This period, from 2013 to 2015, coincided with JJJJound becoming more widely-known. Virgil Abloh was actively name-dropping the site; Saunders was an integral part of #BEENTRILL#; a collaboration with Montreal-based skate imprint Dime was beneficial to both parties. Meanwhile, new moods slowly trickled out and made for appointment viewing when word got out that were new images on JJJJound. Photographers and brands flocked to the website to see if any of their images had made the cut, while others were eager to see what products had earned a JJJJound co-sign.
In 2015, JJJJound outdid “Correspondence” in terms of merging the internet with real life, thanks to a partnership with CIFF Raven, a tradeshow in Copenhagen. JJJJound was commissioned to create a “mood” and then print the images on T-shirts, rather than uploading them to the site. The immersive installation, known as “Post”, was not available for purchase. Saunders later stated that “the whole installation was stolen,” but left the statement open to interpretation: Had the 200 T-shirts been stolen, or was he referring to the oft-cited criticism that JJJJound was simply an amalgam of “stolen” images. Regardless, “Post” was another example of JJJJound’s singular ability to bring our favorite elements of the digital and real worlds together.
But, then, just as JJJJound’s legend was growing, it started to recede into the shadows. JJJJound became more of a niche reference, as the internet culture surrounding menswear shifted to more hype-based publications and product. Still, JJJJound was updated with new moods sporadically and, yes, Saunders was still involved in myriad creative projects—there was even a steady trickle of new JJJJound-branded product, like embroidered fleece and other basics.
2016 saw JJJJound release a collaboration with little-known footwear brand Victory Sportswear. The Trail Sneaker was, like all other JJJJound products, perfectly in line with what one would expect to find on the digital mood board. The shoes were manufactured in Massachusetts and featured a predominantly grey upper—made from suede and mesh—with a beige hit on the heel. It was a niche collaboration, but it marked JJJJound’s expansion into footwear and set the stage for what would become JJJJound’s most transformative release.
In 2017, JJJJound began teasing a trio of Vans Old Skools. The shoes would eventually be released as in-store exclusives for “Patience”—a Montreal pop-up shop—alongside a range of basics and home goods including canvas tote bags and coffee mugs. Available in brown, white and green, the Vans x JJJJound Old Skools were remarkably simple, with little in the way of alterations made to the classic silhouette—cork footbed and 8 oz. canvas notwithstanding. Due to the limited supply and the fact they were only available in Montreal, the collaboration became one of the hottest releases of 2017. The green version, in particular, became one of the most coveted shoes of the year and now fetches four figure prices. While many who trafficked JJJJound’s website we fans of his clearly defined aesthetic, this release almost single-handedly shifted JJJJound into the realm of “hyped brand.”
“Patience” remains a seminal moment in JJJJound’s history. It helped establish JJJJound as a design studio and elevate the kinds of products that the once-quiet blog could aspire to produce. The digital Shoppe is filled with a tasteful mix of home goods and minimal clothing— Canadian-made fleece sits next to mini basketball hoops; simple mugs can be bought alongside graphic T-shirts; coffee beans sold to those also looking to buy reusable water bottles to drink from—much like the physical pop-up space was. Of course, there’s also the occasional collaboration sprinkled in for good measure. In the two-plus years since "Patience”, JJJJound has worked with Reebok on a pair of Club C 85s, reissued the Victory Trail Sneaker, unveiled a New Balance 990v3, reworked a classic Garrett Leight frame and teased an upcoming collaboration with A.P.C.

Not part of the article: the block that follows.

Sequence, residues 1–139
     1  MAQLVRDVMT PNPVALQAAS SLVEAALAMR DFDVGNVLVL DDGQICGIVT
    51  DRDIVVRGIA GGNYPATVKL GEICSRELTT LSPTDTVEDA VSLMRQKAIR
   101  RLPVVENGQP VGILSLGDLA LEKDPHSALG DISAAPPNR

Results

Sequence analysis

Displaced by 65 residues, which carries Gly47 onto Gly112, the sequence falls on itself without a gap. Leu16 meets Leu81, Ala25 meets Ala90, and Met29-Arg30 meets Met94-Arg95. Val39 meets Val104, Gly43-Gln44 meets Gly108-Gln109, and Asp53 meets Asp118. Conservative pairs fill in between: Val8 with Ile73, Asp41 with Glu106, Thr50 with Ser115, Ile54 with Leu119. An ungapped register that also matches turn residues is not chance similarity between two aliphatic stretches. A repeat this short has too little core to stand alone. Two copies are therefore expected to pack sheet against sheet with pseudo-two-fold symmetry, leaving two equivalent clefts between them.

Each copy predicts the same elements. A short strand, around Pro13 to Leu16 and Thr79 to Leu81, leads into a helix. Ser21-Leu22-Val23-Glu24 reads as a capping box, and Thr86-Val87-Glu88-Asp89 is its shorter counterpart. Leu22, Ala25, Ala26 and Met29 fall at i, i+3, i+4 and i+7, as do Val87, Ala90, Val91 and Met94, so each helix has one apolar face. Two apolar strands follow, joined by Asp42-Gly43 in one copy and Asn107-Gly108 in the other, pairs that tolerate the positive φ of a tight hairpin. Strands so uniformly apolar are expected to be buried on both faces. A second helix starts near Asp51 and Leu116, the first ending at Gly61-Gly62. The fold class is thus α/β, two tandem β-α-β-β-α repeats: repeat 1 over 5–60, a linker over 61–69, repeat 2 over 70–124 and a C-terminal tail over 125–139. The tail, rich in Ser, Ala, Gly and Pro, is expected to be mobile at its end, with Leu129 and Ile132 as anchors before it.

What’s stayed the same from collaboration to collaboration has been a commitment to a specific aesthetic and a reticence to following the increasingly rapid pace set by the industry. JJJJound products come out on a schedule that is unique to JJJJound and in ways that are unique to the studio. The inspiration cited feels so deeply researched that it’s almost tongue-in-cheek. Take the aforementioned JJJJound x Reebok Club C 85s, which supposedly reference the color of a vintage keyboard. Then there’s the way in which the most coveted JJJJound products are sold: From the Old Skools to the Club C 85s, products are never immediately available; customers had to wait for their purchases to be delivered.
From the Mind of Justin R. Saunders
Taken together, there is a timelessness to JJJJound moods and JJJJound products. You can scroll through the site’s archives for hours at a time and, even years later, none of the products that have been put out over the last half decade feel dated.
That is the magic of JJJJound. That, and the fact that JJJJound is creating products to curate every aspect of your life—a 360-degree design studio making your T-shirts, your coffee cups, your sneakers and your desk.
Thanks to that magic, JJJJound is now a brand that resonates with customers across the spectrum. What started as a personal mood board for Justin R. Saunders has changed wildly over the years. There was a period when he and his blog were synonymous—he was JJJJound—and when JJJJound was an ideal—something that people and brands strived to emulate. The unanticipated success from the blog transformed JJJJound into a brand and, on the back of that success, it’s arguably in its final form as a nebulous design studio.
“I’m a kid who grew up listening to rap music and loved art and beautiful things,” Saunders explained in an interview. “I grew up in Germany and I was obsessed with Bart Simpson and North American culture. I think people connected to my site, and we were all going through the process of removing logos from our lives and dressing like adults.”
The only condition, it seems, for JJJJound to make something, is for it to be pleasant to look at. And, isn’t that what a design studio should strive to do?